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Long Island Cruizin' for a Cure car show raises prostate cancer awareness

Customized license plates help prostate cancer survivor Sandy

Customized license plates help prostate cancer survivor Sandy Kane spread the word about Long Island Cruizin' for a Cure. Kane poses by his new Stingray on Aug. 18, 2014. Credit: Jeremy Bales

Sandy Kane's ah-ha moment came on a winter day in 2006 at his Jericho home while watching a favorite TV show.

Two years earlier, Kane had been diagnosed with prostate cancer, and after surgery, he went through "a rough time psychologically." The TV program was the catalyst he needed for a change in attitude.

An avid car enthusiast, Kane was watching "Car Crazy" on Speed, a cable channel currently known as Velocity. The episode was about Debbie Baker of Lake Forest, California, who founded a charity car show after her husband was diagnosed with prostate cancer in 1996.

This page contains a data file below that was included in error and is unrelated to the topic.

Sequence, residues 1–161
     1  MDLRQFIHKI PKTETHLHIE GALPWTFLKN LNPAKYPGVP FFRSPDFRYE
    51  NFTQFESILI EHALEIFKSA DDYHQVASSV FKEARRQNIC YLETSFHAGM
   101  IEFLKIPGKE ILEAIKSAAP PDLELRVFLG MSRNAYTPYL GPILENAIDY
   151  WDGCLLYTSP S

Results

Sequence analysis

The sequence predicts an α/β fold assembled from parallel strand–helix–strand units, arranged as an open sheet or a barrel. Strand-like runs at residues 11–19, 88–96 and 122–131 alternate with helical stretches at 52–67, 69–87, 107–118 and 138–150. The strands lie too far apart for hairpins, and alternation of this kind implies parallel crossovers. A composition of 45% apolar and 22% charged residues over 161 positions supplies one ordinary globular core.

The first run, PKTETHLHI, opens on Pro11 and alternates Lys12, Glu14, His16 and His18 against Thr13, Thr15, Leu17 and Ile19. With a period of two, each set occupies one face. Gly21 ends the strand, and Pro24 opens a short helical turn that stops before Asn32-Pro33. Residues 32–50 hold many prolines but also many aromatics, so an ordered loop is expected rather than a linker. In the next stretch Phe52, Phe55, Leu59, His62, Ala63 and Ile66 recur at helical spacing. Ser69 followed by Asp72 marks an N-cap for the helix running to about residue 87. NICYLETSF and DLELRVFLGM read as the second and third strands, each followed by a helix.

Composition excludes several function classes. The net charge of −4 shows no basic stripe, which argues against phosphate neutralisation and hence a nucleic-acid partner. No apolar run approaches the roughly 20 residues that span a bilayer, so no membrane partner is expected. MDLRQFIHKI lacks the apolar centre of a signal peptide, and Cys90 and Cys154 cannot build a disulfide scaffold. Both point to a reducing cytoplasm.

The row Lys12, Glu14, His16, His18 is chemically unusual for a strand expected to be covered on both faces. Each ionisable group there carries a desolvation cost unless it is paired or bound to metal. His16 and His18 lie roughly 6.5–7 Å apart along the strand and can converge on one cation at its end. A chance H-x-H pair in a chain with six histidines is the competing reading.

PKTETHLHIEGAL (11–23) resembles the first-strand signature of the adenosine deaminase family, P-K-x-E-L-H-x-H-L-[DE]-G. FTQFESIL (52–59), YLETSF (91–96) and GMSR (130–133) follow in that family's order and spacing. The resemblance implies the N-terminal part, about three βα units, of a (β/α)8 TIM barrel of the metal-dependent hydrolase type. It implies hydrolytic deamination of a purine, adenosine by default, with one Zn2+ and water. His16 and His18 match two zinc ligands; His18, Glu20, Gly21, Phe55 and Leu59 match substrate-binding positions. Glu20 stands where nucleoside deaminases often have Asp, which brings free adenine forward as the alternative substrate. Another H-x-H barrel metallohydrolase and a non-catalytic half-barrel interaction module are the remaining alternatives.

At Baker's annual Costa Mesa "Cruizin' for a Cure" event, men age 40 and older are offered free prostate cancer screenings in a tent planted among thousands of hotrods and other show cars. During the segment, Kane noticed that people kept going up to Crazy Car host Barry Meguiar, saying, "This car show saved my life."

That's the moment, Kane says, when he decided to make the transition from prostate cancer survivor to prostate cancer awareness advocate. "I said, 'This is what we're going to do.' " Kane and his wife, Lynne, a third-grade teacher in Jericho, had done charity work for pediatric cancer. But Kane dashed off an email to Baker, saying he wanted to contribute to the prostate cancer cause beyond writing a check.


Cruizin' comes to LI

Kane, 72, a retired sales promotion business owner, got permission from Baker to use the name of her show and since then, he has been dedicated to organizing and promoting the annual Long Island version of Cruizin' for a Cure event in Hicksville.